a farewell to Ray Bradbury

You've got fifty-four and a half minutes to spare, right?

I did, once, back in the early 2000s, and I spent them watching Ray Bradbury give a talk at Point Loma University. Perhaps it was because his book, FARENHEIT 451, had been such a favorite of mine over the years. Or perhaps it was because I like to learn things from potty-mouthed, white-haired old guys. What 'ere it was, about three minutes into his talk he said something that caught my imagination and stuck with me for years. He said:

"If you could, write at least one short story a week. It doesn't matter what the quality of it is to start; but at least you're practicing, and at the end of the year you have fifty-two short stories... I defy you to write fifty-two bad ones. It can't be done."

Last year, I finally took up "The Ray Bradbury Challenge," and although I missed a week here and there, I ended up with forty-six short stories; some of which are fairly readable.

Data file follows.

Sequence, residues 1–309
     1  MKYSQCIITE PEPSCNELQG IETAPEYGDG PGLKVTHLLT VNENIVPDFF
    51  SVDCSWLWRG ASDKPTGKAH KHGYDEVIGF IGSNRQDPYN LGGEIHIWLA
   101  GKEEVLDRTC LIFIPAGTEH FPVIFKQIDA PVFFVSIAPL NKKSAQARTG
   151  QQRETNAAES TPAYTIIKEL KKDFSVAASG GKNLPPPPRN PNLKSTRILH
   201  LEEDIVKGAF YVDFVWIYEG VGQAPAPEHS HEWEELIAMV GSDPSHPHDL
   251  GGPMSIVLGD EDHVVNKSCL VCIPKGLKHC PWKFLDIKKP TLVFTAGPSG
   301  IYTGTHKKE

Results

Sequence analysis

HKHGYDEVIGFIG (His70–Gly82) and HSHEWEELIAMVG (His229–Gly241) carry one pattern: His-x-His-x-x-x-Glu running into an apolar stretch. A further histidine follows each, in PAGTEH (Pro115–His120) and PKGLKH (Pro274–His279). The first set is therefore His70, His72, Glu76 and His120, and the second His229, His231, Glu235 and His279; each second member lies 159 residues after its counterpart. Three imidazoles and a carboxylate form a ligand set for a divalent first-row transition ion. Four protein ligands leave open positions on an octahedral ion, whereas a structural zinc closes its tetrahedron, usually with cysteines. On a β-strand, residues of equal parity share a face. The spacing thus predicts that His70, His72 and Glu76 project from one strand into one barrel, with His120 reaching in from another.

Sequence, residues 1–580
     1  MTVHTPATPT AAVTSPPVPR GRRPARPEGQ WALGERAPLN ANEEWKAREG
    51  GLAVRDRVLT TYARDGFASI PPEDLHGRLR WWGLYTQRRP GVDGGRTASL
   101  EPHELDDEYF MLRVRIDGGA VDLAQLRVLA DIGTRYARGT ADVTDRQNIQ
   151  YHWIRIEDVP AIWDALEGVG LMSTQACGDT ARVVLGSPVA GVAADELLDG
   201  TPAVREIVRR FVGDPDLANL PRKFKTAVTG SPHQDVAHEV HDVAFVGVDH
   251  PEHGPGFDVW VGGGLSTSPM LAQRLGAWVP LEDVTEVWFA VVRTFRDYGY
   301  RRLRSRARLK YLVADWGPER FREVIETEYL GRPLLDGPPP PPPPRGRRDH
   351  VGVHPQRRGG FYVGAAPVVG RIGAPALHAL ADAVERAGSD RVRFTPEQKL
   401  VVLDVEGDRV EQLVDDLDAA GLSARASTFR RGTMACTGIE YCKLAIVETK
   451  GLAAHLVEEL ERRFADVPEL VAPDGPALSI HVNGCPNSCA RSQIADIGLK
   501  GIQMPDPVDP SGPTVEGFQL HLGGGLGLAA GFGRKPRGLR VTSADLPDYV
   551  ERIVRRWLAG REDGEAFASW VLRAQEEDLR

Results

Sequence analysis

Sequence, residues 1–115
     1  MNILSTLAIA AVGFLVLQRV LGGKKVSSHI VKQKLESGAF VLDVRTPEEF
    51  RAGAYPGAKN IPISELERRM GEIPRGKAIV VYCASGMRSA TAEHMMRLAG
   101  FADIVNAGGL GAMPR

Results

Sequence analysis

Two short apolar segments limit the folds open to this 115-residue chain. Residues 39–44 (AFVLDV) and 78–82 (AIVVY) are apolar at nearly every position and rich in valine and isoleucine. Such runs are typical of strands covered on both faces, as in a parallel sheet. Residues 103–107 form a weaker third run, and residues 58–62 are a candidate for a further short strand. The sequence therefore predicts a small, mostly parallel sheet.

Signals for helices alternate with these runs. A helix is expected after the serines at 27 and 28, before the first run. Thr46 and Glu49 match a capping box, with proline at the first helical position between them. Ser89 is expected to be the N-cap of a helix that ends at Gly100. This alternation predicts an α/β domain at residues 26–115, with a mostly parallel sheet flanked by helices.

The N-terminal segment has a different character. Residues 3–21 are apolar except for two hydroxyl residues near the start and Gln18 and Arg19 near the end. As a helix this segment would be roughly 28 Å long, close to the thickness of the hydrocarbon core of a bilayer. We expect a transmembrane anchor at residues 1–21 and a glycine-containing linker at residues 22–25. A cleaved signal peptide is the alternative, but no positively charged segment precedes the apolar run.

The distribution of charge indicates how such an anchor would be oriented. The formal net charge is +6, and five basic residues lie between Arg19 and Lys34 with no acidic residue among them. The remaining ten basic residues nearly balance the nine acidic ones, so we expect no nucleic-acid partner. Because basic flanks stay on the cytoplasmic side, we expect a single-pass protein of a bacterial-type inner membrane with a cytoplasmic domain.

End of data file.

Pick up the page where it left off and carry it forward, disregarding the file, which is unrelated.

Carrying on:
Ray Bradbury died this week, at the age of ninety-one. He was a hard-working writer, and an inspiration to writers and readers everywhere. He spoke a whole lot of truth into the world, and will be missed. Thanks, Ray.


  1. I just watched the whole thing. I've seen it before, but it really is truly amazing how he captures and illustrates the essence of the creative process: joy and surprise. It's not just what he says but how he says it.

  2. Have you read "The Illustrated Man"? I want to read it, but I've never read anything by Bradbury before so I'm not sure if I'll like it...

  3. Cool, Mark. I haven't actually watched it right through since way back when. I probably should, you know: "In Memorium."

    Holly, I have not. I have a children's book of his about dinosaurs that I plan to read with my son when he's old enough for it, but the only thing I've actually read of his is FAHRENHEIT 451, and maybe some short stories. It's a crying shame, really, that'll have to be remedied.


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